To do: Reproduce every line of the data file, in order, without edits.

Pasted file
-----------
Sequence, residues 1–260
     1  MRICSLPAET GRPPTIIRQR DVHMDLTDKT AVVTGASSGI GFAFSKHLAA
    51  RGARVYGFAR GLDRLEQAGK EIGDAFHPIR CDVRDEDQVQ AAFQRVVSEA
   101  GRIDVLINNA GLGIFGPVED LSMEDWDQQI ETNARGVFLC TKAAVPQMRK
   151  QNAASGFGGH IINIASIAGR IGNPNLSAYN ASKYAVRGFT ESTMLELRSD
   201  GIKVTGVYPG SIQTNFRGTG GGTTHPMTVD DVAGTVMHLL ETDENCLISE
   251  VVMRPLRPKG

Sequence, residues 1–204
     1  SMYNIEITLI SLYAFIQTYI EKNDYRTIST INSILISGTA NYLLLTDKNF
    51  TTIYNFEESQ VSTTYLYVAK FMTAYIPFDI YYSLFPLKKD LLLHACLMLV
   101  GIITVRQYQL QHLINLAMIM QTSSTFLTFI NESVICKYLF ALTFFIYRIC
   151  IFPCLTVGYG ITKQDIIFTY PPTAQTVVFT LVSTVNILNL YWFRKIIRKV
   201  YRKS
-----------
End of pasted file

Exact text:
Sequence, residues 1–260
     1  MRICSLPAET GRPPTIIRQR DVHMDLTDKT AVVTGASSGI GFAFSKHLAA
    51  RGARVYGFAR GLDRLEQAGK EIGDAFHPIR CDVRDEDQVQ AAFQRVVSEA
   101  GRIDVLINNA GLGIFGPVED LSMEDWDQQI ETNARGVFLC TKAAVPQMRK
   151  QNAASGFGGH IINIASIAGR IGNPNLSAYN ASKYAVRGFT ESTMLELRSD
   201  GIKVTGVYPG SIQTNFRGTG GGTTHPMTVD DVAGTVMHLL ETDENCLISE
   251  VVMRPLRPKG

Sequence, residues 1–204
     1  SMYNIEITLI SLYAFIQTYI EKNDYRTIST INSILISGTA NYLLLTDKNF
    51  TTIYNFEESQ VSTTYLYVAK FMTAYIPFDI YYSLFPLKKD LLLHACLMLV
   101  GIITVRQYQL QHLINLAMIM QTSSTFLTFI NESVICKYLF ALTFFIYRIC
   151  IFPCLTVGYG ITKQDIIFTY PPTAQTVVFT LVSTVNILNL YWFRKIIRKV
   201  YRKS